Samuels Nominated to EEOC Seat

20200303 JocelynSamuels200Jocelyn Samuels, the executive director of UCLA School of Law’s Williams Institute on Sexual Orientation and Gender Identity Law and Public Policy, was nominated on March 16 to a seat on the U.S. Equal Employment Opportunity Commission, the federal agency that enforces federal laws barring workplace discrimination.

Samuels was nominated by President Trump after being recommended for a Democratic vacancy on the five-member EEOC by Democratic leaders in the U.S. Senate. Her nomination will be considered by the Senate Committee on Health, Education, Labor and Pensions and, if the committee votes to approve her nomination, by the full Senate.

“I am deeply humbled to have been nominated to the EEOC, which does invaluable work to protect civil rights in the workplace,” Samuels says. “If the Senate confirms me, I will be honored to serve. I look forward to continuing the work to which I have devoted my career in government and at the Williams Institute, an extraordinary organization of which I am so proud and which has made such critical contributions.”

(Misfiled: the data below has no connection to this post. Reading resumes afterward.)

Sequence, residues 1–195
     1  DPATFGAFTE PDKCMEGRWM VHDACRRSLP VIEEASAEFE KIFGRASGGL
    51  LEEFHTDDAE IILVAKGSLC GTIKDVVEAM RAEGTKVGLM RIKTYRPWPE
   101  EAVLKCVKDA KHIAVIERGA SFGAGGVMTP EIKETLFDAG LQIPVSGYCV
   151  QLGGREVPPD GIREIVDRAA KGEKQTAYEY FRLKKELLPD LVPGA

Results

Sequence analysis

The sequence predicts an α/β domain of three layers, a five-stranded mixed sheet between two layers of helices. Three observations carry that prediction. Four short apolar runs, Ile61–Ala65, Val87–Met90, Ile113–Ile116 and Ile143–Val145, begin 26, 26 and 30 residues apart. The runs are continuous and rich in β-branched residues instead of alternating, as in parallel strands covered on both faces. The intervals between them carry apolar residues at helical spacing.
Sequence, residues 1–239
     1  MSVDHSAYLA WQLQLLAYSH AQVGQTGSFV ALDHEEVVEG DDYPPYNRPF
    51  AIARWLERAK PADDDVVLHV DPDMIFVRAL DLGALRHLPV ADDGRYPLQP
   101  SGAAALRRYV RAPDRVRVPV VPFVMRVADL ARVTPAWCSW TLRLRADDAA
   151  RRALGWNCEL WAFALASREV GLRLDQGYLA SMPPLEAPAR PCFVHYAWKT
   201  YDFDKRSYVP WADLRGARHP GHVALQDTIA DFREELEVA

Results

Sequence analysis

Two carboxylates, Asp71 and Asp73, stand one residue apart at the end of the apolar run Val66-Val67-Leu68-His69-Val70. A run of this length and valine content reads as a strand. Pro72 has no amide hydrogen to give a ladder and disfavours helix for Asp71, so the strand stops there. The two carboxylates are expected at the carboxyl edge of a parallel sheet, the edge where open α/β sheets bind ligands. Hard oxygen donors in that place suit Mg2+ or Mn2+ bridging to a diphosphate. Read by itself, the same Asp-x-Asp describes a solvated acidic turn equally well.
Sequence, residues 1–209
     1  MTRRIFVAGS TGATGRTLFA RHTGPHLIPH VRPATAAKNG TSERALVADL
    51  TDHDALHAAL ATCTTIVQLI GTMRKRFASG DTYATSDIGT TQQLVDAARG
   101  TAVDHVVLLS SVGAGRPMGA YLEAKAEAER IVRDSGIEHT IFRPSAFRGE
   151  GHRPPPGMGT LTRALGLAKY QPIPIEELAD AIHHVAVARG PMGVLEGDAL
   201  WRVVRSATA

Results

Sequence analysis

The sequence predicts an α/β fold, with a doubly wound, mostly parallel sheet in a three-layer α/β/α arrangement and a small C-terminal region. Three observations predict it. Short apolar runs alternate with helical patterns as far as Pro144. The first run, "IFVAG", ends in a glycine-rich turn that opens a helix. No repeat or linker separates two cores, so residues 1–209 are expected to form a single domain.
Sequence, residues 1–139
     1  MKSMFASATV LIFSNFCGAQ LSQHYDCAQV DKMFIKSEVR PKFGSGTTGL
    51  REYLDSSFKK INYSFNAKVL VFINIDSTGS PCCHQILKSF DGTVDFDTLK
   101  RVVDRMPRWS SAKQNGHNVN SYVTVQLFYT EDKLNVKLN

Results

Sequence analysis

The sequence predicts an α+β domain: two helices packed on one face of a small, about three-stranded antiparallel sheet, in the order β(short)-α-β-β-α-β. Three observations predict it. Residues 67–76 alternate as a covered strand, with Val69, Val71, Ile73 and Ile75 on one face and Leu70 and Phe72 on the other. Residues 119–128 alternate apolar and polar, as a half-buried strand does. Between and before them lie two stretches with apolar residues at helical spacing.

Samuels has led the Williams Institute since 2017, following a distinguished career in government service and civil rights law. She had most recently served as director of the Office for Civil Rights at the U.S. Department of Health and Human Services. There, she oversaw the development of regulations implementing the nondiscrimination provision of the Affordable Care Act which, for the first time, prohibited sex discrimination in federally funded healthcare. She also served as acting assistant attorney general for civil rights in the U.S. Department of Justice.

Samuels previously served as a senior policy attorney with the EEOC, labor counsel to Sen. Ted Kennedy (D-Mass.) and vice president for education and employment at the National Women’s Law Center. She holds a bachelor’s degree from Middlebury College and a J.D. from Columbia Law School.

The EEOC is currently chaired by UCLA Law alumna Janet Dhillon ’91.